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12/15/95 TRI-TUBE v. OEM COMPONENTS

December 15, 1995

TRI-TUBE, INC.
v.
OEM COMPONENTS, INC.



Appeal from Morgan Circuit Court. (CV-89-350). Rudolph W. Slate, TRIAL JUDGE.

Released for Publication May 17, 1996.

Crawley, Judge. Robertson, P.j., and Thigpen, Yates, and Monroe, JJ., concur.

The opinion of the court was delivered by: Crawley

CRAWLEY, Judge

In September 1989, OEM Components, Inc., filed a complaint against Tri-Tube, Inc., seeking damages for breach of contract. Tri-Tube answered and counterclaimed, seeking damages for breach of contract. Following the presentation of oral testimony, the trial court entered a final judgment for OEM, awarding OEM damages for breach of contract and accrued interest. The trial court denied relief to Tri-Tube on its counterclaim. Tri-Tube filed a post-judgment motion, which was denied by operation of law. Tri-Tube appealed to the Supreme Court, which transferred the case to this court pursuant to Ala. Code 1975, § 12-2-7(6).

Tri-Tube argues three issues on appeal: (1) whether the trial court erred in interpreting the contract; (2) whether the trial court erred in awarding $112,622.35 damages to OEM and $34,765.41 prejudgment interest to OEM; and (3) whether the trial court erred in excluding certain evidence regarding OEM's contract with another party.

In November 1983, Tri-Tube and OEM entered a contract whereby OEM would act as an exclusive selling agent for Tri-Tube for a specific territory. The contract provided that Tri-Tube would pay OEM 5% of the net invoice price of "all products and services" sold by OEM. Tri-Tube agreed to pay half of that commission if "products and services are sold outside the territory but for shipment into the territory." The contract provided that either Tri-Tube or OEM could terminate the contract upon 90 days' notice. The contract further provided for post-termination commissions. Tri-Tube terminated the contract in October 1986.

Tri-Tube first argues that the trial court erred by applying the doctrine of "procuring cause" in its interpretation of the contract and thereby erred in awarding damages to OEM. Alabama courts have applied the doctrine to determine whether a real estate agent is entitled to a commission. See First Real Estate Corp. of Alabama v. Spiller, 603 So. 2d 954 (Ala. 1992). Tri-Tube argues that the doctrine of "procuring cause" is applicable only where the contract at issue does not expressly provide for post-termination commissions. See Willis v. Champlain Cable Corp., 109 Wash. 2d 747, 748 P.2d 621 (1988). In this case, the contract does expressly provide for post-termination commissions, and the contract provides the method of calculating those commissions; however, there is no evidence that the trial court applied the doctrine in reaching its judgment. Rather, as discussed below, the trial court interpreted the post-termination compensation provisions of the contract in awarding damages to OEM.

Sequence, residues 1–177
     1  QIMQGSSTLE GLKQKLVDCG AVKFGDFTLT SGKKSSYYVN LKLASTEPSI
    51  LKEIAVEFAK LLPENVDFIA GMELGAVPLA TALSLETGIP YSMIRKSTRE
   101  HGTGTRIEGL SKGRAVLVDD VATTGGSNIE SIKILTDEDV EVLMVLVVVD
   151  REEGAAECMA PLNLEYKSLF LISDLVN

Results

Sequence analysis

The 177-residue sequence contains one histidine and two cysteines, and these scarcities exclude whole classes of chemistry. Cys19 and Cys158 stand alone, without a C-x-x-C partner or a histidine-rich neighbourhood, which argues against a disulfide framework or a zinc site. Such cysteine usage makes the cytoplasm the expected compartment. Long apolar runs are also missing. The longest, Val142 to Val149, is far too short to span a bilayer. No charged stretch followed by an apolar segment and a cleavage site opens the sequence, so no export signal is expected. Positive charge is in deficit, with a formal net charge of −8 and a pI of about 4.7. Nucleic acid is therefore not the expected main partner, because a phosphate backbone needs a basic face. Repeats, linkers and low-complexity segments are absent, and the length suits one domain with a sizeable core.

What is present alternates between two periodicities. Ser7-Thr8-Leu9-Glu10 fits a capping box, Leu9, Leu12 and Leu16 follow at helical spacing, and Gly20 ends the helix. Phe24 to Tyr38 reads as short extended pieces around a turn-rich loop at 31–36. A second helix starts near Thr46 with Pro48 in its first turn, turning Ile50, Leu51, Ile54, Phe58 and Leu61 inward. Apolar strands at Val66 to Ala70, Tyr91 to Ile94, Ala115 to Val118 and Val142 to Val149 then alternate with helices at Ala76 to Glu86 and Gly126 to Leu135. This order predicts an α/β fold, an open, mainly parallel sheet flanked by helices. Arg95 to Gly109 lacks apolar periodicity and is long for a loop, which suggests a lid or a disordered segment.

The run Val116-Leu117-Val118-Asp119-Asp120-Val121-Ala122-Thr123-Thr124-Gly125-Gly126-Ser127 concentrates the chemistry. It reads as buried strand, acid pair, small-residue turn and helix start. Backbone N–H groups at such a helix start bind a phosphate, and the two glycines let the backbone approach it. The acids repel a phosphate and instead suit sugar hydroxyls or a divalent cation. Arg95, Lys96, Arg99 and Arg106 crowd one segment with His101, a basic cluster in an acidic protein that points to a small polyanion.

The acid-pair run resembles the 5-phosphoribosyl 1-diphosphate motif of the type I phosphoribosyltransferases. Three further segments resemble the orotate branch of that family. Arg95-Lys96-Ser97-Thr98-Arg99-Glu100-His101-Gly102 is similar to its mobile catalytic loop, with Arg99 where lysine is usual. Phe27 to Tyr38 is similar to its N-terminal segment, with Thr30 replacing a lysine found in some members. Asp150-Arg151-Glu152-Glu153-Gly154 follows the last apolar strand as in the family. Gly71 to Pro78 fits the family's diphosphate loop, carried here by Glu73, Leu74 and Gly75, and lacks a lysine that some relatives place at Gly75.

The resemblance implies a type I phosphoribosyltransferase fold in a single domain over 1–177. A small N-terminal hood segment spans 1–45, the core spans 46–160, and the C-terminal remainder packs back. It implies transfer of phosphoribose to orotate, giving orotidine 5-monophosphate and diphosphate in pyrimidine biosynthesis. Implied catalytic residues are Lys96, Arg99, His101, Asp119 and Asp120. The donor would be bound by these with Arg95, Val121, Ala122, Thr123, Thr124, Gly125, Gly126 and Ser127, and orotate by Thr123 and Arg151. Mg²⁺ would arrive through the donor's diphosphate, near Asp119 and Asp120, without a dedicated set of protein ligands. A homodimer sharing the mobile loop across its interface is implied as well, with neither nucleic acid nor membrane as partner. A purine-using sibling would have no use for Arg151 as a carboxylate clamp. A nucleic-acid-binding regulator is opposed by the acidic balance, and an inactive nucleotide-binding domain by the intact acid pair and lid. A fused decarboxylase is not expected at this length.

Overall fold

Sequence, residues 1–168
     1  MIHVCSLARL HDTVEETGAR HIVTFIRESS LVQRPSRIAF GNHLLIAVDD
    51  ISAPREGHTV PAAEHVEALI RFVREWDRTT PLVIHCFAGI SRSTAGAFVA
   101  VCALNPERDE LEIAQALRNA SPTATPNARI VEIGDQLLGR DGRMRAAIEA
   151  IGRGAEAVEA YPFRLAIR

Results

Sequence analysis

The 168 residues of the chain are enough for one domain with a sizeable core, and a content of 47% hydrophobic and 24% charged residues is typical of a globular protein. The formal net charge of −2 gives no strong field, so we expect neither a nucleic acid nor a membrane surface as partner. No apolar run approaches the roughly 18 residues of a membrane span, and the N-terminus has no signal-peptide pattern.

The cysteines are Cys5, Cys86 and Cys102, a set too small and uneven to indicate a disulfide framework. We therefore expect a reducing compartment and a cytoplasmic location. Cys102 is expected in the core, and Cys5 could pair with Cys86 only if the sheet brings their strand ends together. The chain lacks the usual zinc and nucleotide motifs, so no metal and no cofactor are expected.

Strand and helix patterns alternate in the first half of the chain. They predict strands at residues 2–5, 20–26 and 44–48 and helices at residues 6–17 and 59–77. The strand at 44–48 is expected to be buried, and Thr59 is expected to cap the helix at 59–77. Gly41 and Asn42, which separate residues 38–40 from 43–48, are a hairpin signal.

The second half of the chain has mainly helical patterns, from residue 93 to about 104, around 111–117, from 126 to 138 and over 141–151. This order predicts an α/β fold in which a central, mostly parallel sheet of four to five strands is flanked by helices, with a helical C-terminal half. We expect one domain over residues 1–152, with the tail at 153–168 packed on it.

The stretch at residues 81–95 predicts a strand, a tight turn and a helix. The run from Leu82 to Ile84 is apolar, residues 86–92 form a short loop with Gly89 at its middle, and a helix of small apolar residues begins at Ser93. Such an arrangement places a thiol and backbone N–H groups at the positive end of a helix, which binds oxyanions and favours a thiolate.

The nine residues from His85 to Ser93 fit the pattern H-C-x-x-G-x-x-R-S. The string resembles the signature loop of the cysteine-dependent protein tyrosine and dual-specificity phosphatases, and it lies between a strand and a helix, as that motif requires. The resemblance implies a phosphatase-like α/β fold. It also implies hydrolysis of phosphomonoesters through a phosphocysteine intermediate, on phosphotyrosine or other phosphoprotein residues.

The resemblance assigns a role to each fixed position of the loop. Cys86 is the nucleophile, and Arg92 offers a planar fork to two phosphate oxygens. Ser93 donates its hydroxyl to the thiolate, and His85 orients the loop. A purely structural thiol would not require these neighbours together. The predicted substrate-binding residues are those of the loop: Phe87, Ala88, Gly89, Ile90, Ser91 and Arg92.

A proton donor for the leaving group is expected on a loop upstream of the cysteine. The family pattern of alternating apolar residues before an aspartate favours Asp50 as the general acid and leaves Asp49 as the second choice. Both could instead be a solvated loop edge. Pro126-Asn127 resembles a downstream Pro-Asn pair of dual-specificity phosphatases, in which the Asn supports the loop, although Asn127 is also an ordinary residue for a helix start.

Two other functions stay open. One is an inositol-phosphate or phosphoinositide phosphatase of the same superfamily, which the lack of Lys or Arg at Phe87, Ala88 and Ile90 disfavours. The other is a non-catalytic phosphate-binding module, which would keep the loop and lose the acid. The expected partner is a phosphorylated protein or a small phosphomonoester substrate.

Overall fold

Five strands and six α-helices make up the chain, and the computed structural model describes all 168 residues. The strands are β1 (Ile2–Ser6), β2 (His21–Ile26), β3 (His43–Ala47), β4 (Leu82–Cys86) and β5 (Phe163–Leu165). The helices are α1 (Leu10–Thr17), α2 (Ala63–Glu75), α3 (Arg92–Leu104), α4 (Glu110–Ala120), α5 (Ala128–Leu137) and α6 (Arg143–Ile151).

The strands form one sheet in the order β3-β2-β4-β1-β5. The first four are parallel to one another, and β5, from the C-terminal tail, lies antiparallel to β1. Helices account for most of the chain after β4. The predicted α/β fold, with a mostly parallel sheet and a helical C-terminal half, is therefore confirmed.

Tri-Tube further argues that the trial court erred in construing the compensation provisions of the contract and therefore erred in awarding OEM damages. These provisions are as follows:

"4. Representative's Compensation

"(a) The Company agrees to pay the Representative, as a commission, the percentage (as set forth on the attached Exhibit 'D') of the net invoice price of all products and services of the Company sold by Representative and covered by this Agreement from the date hereof until the 'effective date of termination' of this Agreement as that term is hereinafter defined. Such commission shall be deemed to have been earned upon the issuance by the customer to the Company for a purchase order, but such commission shall not [be] payable until the Company invoices the customer. Such commission shall be the only compensation, remuneration or payment due the Representative from the Company for all services rendered or to be rendered hereunder. Representative shall not be entitled to any reimbursement for costs or expenses incurred by him carrying out his duties under this Agreement.

"(b) 'Net invoice price' means the total price at which an order is invoiced to the customer but excluding tooling, freight, and shipping costs, taxes, insurance, discounts and allowances, rework and repair charges, field service charges, and labor consulting services, if any.

"(c) All orders obtained by Representative are subject to acceptance or rejection by an authorized officer of the Company at its home office and to approval by the Company's Credit Department, and Company shall be under no obligation to accept any such order for any reason it deems sufficient. Company shall be under no obligation to do anything with regard to potential business or orders obtained by the Representative, including, but not limited to, producing and submitting sample product, submitting financial data, or other information, making financial guarantees or otherwise doing anything to qualify to do business with or to satisfy any potential customer or governmental agency.

"(d) In cases where products or services are sold outside the territory but for shipment into the territory, or are sold in the territory but for shipment outside the territory, one half of the commission shall be paid to each ...


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